Cananea, however, has no money or personnel to run the system. Residents accused the company of putting untreated water into the town's water supply, and Canizares says 10 cases of hepatitis were discovered at a
local school where water was cut off to its bathrooms. A demonstration of four hundred women on March 11 took over pumping stations, stopping the supply of water to both the mine and the town, to force the company to reassume responsibility for the system. In the countryside surrounding Cananea, local farmers supporting the women halted the operation of wells on their land which are the water's original source.
A Watershed in Cross-Border Solidarity
During the strike, the unionists won support from the Cananea's mayor, who himself worked in the mine for 18 years. Popular sympathy for the miners induced the governor of Sonora and all three political parties in the state legislature, including the ruling PRI and the opposition Party of the Democratic Revolution and National Action Party, to express verbal support.
But strikers say their most important help came from copper miners and unions north of the border. Within days of walking out of the mine on November 18, they had already sent a group to Tucson to appeal for food and money. There they found Jerry Acosta.
As Arizona representative of the AFL-CIO's Department of Field Mobilization, Acosta was in a unique position to publicize their cause. He won union support by arguing that U.S. miners would be directly affected by the strike. "Because of NAFTA," he said, "U.S. corporations have moved jobs to Mexico, where they pay lower wages and aren't restricted by union contracts or environmental regulations. If the union in Cananea is broken, efforts by Mexican workers to pull wages up and enforce their rights will be set back."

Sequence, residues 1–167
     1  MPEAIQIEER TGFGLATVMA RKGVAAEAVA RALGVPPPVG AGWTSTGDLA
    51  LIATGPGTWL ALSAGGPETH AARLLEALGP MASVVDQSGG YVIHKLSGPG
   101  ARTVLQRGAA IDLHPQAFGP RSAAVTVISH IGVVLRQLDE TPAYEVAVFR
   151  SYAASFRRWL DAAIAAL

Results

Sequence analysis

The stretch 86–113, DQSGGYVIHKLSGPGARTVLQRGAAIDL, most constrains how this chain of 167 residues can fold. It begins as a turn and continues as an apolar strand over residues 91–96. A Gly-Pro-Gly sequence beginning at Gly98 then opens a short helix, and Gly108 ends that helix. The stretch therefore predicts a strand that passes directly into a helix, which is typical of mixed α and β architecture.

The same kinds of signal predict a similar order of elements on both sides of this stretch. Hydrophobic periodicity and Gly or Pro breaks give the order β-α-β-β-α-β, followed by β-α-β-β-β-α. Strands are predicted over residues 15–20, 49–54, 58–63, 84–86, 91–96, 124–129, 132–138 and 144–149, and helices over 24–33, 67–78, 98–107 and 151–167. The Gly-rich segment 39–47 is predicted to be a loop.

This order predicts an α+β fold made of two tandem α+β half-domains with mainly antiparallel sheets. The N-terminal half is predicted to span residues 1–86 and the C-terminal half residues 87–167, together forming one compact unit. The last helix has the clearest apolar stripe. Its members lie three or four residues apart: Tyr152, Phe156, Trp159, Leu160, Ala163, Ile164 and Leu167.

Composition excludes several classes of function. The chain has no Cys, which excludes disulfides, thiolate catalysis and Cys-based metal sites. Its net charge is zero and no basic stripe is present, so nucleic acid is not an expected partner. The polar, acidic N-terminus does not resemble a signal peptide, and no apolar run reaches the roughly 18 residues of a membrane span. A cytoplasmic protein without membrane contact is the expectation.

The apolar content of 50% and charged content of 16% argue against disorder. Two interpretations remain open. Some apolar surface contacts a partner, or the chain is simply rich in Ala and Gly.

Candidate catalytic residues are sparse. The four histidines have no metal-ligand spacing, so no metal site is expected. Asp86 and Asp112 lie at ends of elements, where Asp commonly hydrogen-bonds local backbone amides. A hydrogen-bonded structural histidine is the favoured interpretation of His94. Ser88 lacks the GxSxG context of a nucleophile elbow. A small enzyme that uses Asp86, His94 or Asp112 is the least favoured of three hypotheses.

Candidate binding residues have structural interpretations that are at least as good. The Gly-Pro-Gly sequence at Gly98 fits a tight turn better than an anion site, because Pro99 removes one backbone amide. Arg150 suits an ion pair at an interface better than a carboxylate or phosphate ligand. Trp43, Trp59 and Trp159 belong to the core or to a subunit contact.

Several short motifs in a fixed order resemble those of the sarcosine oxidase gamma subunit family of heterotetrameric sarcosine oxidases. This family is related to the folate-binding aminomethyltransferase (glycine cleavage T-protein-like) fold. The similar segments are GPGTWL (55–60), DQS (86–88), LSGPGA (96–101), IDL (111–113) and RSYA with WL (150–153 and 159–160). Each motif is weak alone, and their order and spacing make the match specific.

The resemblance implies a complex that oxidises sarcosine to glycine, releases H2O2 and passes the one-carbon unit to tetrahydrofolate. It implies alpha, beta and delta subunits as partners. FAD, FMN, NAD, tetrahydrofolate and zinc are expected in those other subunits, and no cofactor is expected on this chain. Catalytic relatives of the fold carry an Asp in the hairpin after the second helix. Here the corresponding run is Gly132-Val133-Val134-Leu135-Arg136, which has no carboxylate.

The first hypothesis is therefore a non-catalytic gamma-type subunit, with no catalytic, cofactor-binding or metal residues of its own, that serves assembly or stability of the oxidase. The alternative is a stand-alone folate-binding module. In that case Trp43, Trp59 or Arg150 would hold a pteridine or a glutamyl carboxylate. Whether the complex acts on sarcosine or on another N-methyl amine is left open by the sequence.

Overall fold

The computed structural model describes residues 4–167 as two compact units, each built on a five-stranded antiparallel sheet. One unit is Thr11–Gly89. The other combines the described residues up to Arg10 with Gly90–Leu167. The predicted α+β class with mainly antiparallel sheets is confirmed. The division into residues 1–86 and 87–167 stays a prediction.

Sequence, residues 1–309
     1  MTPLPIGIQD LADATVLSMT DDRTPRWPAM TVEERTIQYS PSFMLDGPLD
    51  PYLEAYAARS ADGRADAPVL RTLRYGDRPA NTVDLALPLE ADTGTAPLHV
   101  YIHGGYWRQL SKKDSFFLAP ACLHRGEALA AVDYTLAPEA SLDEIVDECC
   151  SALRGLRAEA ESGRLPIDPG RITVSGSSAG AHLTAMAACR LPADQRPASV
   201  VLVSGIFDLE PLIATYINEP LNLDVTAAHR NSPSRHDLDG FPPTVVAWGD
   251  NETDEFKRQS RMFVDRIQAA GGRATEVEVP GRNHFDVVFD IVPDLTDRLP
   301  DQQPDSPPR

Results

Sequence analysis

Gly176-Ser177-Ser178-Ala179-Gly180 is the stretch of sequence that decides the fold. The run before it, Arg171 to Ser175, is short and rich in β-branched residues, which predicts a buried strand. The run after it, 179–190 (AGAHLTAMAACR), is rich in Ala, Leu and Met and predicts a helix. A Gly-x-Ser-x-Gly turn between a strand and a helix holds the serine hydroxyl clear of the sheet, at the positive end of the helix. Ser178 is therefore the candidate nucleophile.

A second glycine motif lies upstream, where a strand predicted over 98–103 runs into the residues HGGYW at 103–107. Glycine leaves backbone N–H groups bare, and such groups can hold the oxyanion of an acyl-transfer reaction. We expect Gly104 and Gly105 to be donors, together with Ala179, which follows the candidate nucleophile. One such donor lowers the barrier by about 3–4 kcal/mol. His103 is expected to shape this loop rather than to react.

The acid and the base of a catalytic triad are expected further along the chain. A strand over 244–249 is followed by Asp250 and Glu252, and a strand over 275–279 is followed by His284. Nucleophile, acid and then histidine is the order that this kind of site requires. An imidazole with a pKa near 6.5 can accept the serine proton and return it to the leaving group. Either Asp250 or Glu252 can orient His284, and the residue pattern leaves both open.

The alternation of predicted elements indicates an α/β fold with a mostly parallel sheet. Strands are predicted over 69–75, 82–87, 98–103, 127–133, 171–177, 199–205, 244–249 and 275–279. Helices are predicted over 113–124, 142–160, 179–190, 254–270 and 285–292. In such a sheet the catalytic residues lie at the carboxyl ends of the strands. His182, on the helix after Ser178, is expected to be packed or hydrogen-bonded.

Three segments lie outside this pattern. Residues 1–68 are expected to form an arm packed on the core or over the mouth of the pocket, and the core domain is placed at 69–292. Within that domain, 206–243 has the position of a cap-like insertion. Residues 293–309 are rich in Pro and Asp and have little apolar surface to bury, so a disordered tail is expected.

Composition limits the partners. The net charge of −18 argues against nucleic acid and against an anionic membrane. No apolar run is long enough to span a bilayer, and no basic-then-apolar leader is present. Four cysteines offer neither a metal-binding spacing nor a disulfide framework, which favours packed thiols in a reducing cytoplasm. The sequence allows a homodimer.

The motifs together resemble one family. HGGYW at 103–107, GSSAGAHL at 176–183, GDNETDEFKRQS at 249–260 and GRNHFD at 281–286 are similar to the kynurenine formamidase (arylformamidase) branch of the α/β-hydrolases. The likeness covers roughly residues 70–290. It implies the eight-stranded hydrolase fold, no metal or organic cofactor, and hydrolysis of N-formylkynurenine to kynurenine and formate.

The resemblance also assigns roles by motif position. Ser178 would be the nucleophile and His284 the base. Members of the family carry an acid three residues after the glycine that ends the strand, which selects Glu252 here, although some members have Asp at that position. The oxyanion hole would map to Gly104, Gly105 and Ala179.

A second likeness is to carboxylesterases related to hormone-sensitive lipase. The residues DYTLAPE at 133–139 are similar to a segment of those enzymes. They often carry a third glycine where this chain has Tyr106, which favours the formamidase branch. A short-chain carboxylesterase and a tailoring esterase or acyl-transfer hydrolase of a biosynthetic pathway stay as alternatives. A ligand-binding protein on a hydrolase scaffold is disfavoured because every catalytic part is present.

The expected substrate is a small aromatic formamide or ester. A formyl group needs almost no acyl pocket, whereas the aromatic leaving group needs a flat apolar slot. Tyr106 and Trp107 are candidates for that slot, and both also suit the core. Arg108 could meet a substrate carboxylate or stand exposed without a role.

Appeals from Cananea also struck a sympathetic chord because many families, divided by the border, have members working in the mines in both countries. "My cousins work in Cananea," Acosta explained.
In Mexico City, the representative of the AFL-CIO's Center for International Solidarity, Tim Beaty, tried to convince the leaders of the Mexican miners union to give more support to their own strike. But Tucson attorney Jesus Romo, who counseled the striking miners, accuses them of being more loyal to the government and the PRI than to their own striking members. "Once the strike started," Romo said, "they began to fear losing control over their own union. They couldn't stop miners from seeking support north of the border without losing their credibility, but they tried to reassign them to activity elsewhere."
Strikers charge that those who went to the U.S. seeking support were targeted for firings, and received death threats from police and company guards. In mid-January, the Judicial police broke into the homes
of two of them, Rene Enriquez and Reynaldo Palomino, terrorizing their families.
In a January press conference, another Grupo Mexico spokesperson, Jose Fernando Rodriguez Correa announced that 198 strikers had been terminated, and later threatened to lay off all Cananea workers, rehiring only 80% under new arrangements. Arizona attorney Jesus Romo, who counseled the strikers, charged that "workers gathering U.S. support were all included in the termination list."
Paez denies that the company has a blacklist, and says some workers haven't been rehired yet because there's no place for them anymore, due to the job cuts. But according to Canizares, who worked at the mine for 15 years and has not been rehired, "Jose Valderrama [the mine's director of labor relations] told me that they don't want anyone working here anymore who disagrees with their policy. They want people who are obedient, who don't defend their rights."
Gema Lopez Limon, professor at the University of Baja California in nearby Mexicali, concludes that "our government and corporations are using privatization to do away with unions entirely, as they've sought to do with the railroad workers, and now the miners here in Cananea. For unions to survive here, they will have to be much better organized, and seek even greater international support."
Acosta concluded that the stakes are higher for U.S. unions as well, as a result of the strike. "When companies can pick up and go five miles to the other side of the border, where a miner earns less in a day than his relative on this side earns in an hour, can we find the solidarity to bridge the gap?" he asked.
"If we can't find the answer, we're all going to suffer."